The International Maritime Organization (IMO) was established in 1948 as a specialized agency of the United Nations and, in the process, has been charged with the regulation of international shipping from the safety, security and environmental protection points of view. It has 172 Member States, three Associate Member States, some 400 staff and is based in London, United Kingdom.

During its existence, IMO has established a comprehensive body of international conventions, supported by hundreds of recommendations governing every facet of the shipping industry. Key treaties are the SOLAS Convention for the safety of life at sea, the MARPOL Convention for the prevention of pollution by ships - both marine and atmospheric - and the STCW Convention on standards of training for seafarers. But because marine accidents do happen, IMO has also adopted rules concerning distress and safety communications, search and rescue and marine pollution response operations. Other treaty instruments include those providing compensation and liability regimes for oil pollution damage and for damage suffered by passengers and their luggage at sea.
 
The monitoring of compliance with IMO’s standards is the responsibility of Member States, but the Voluntary IMO Member State Audit Scheme, introduced in 2006, plays a key role in enhancing their effective and uniform implementation throughout the world, as does the Organization’s extensive technical co-operation programme. The audit scheme is now in the process of becoming a mandatory scheme, under the most important IMO treaties.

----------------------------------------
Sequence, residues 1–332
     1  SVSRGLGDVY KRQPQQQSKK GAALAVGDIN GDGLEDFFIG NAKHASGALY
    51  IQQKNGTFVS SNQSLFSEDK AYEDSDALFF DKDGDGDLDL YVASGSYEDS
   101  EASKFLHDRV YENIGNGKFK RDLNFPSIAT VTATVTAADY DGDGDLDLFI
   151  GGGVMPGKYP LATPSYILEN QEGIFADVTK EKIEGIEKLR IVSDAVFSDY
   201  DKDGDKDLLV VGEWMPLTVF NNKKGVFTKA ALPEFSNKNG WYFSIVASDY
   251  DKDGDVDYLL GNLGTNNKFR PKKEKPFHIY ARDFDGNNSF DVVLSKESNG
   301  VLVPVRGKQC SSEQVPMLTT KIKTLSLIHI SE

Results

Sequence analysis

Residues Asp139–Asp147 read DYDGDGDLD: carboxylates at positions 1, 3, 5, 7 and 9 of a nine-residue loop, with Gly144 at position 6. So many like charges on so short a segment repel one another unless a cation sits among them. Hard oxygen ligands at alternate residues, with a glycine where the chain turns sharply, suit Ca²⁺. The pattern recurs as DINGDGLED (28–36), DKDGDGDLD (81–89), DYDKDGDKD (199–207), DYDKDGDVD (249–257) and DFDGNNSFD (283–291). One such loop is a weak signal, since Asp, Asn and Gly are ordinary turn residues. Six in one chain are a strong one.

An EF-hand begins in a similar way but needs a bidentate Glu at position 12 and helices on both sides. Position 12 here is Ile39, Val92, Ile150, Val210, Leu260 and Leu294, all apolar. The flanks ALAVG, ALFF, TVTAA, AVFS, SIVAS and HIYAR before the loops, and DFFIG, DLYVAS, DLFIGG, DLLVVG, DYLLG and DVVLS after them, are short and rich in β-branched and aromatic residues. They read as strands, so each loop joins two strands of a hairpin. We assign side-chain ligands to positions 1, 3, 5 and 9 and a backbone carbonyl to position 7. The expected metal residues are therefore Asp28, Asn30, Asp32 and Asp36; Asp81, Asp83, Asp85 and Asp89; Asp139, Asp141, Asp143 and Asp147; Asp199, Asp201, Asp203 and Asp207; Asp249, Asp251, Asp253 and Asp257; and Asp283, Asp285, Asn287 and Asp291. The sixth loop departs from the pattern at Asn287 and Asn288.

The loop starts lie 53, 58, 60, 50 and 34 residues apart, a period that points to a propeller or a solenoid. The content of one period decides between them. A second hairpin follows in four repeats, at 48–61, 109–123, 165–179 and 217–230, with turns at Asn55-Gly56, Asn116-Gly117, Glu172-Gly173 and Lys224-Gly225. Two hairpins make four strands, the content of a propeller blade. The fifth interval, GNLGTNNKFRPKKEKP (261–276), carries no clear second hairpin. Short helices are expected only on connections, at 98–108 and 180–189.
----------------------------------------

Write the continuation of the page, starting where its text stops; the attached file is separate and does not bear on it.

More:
IMO’s work aims at ensuring that lives at sea are not put at risk and that the environment is not polluted by shipping operations - as summed up in its objectives: Safe, Secure and Efficient Shipping on Clean Oceans
 
WMU was founded by IMO in 1983 with the aim of providing advanced training for men and women involved in maritime administration, education and management, particularly those from developing countries. The institution - along with the IMO International Maritime Law Institute (Msida, Malta), and the International Maritime Safety, Security and Environment Academy (Genoa, Italy), supports the Organization's technical co-operation programme, the mission statement of which is "to help developing countries improve their ability to comply with international rules and standards relating to maritime safety and the prevention and control of maritime pollution, giving priority to technical assistance programmes that focus on human resources development and institutional capacity-building." 
 
WMU is an independent academic institution, run by an international board of governors and a Chancellor, which since its inception has traditionally been a post held by the Secretary-General of IMO. 
 
Today, WMU is at the apex of all maritime training institutions and provides the focal point for IMO’s goal of creating a culture of safe, secure and environmentally friendly shipping, worldwide. It combines a sound, quality academic programme with the all-important exposure to practical situations in the industry that is so important for students. The excellent body of visiting professors brings the students up-to-date with real-life experiences and knowledge that is unparalleled.